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First ILS Lunch Seminar of 2020 with Hoko Horii and Lexo Zardiashvili

The monthly ILS Lunch Seminars have slowly developed into somewhat of a tradition. During this seminar series, all researchers from Leiden Law School can present their research and apprehend in a comfortable setting what researchers from other research programs and institutes are working on. On Thursday 16 January 2020, a new edition of the ILS Lunch Seminars takes place. This month, Hoko Horii and Lexo Zardiashvili will present their current research.

Hoko Horii has been a PhD candidate at the Royal Netherlands Institute of Southeast Asian and Caribbean Studies (KITLV) and the Van Vollenhoven Institute since March 2016. During this ILS Lunch Seminar, she will give a presentation on “Rethinking ‘agency’ in international human rights”. Over the past decade, ‘child marriage’, defined as “any formal marriage or informal union where one or both of the parties are under 18 years of age”, has become increasingly invested in the international human rights and development agenda. International conventions such as CEDAW and CRC have prohibited child marriage, and transnational organizations such as UNICEF and Girls Not Brides started various programs to “End Child Marriage”. Within this framework, there is a puzzle of agency: while international human rights institutions celebrate when girls exercise their agency not to marry, they do not recognize their agency to marry. In order to re-examine, reflect and discuss the international approach to agency, Hoko’s presentation offers a socio-legal analysis of child marriage, based on findings from her fieldwork in Indonesia. 

The second presentation will be given by Lexo Zardiashvili, PhD candidate at Leiden Law School, where he also obtained his Master of Laws degree and has worked as a researcher since fall 2018.  Lexo received his first degree in Law from Caucasus University in Georgia, where he also worked for the central bank. Lexo will give a presentation on “Artificial Dignity - Regulating Manipulative Capabilities of Artificial Intelligence for Human Dignity”. Contemporary Artificial Intelligence (AI) tools ‘have the growing capacity not only to predict choices but also to influence emotions and thoughts and alter an anticipated course of action, sometimes subliminally.’ Pressuring the cognitive autonomy of individuals and their ability to independently form opinions or take decisions clashes against the fundamental belief in dignity of all humans as independent moral agents. During his presentation, Lexo will discuss how he and his co-workers intend to approach research for regulating manipulative capabilities of AI, to maintain coherence with inviolable value of ‘human dignity’.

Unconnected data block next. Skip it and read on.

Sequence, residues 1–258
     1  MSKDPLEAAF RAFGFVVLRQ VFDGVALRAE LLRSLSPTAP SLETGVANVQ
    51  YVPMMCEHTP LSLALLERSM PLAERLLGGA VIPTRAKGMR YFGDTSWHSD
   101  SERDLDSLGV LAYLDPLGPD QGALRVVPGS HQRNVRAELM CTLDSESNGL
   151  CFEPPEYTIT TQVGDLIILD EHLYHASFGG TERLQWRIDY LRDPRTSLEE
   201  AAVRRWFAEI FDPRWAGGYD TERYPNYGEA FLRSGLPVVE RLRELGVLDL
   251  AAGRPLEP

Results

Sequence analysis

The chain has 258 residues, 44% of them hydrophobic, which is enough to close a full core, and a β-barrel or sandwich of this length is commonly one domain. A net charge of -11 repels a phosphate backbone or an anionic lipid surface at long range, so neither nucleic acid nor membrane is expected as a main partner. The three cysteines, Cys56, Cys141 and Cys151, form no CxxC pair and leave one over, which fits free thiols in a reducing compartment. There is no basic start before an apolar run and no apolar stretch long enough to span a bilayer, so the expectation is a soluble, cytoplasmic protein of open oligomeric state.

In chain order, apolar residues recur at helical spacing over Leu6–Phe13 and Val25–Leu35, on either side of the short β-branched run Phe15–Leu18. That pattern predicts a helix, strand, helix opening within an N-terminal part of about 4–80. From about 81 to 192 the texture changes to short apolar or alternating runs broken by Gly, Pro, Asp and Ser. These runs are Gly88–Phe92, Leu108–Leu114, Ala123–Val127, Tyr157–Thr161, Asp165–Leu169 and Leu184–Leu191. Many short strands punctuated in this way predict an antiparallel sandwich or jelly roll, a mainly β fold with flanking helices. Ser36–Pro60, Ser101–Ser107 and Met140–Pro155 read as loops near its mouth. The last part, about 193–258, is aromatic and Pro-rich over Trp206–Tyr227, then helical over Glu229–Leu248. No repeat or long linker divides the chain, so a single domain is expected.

This ILS Lunch Seminar takes place on Thursday 16 January 2020 from 13:00 – 14:00 hrs  in KOG B0.13. Lunch is provided at the monthly seminars and there is no need to register, just join! Please contact the ILS student-assistant to sign up as a speaker at an ILS lunch seminar or visit our website for more news on ILS 2.0.

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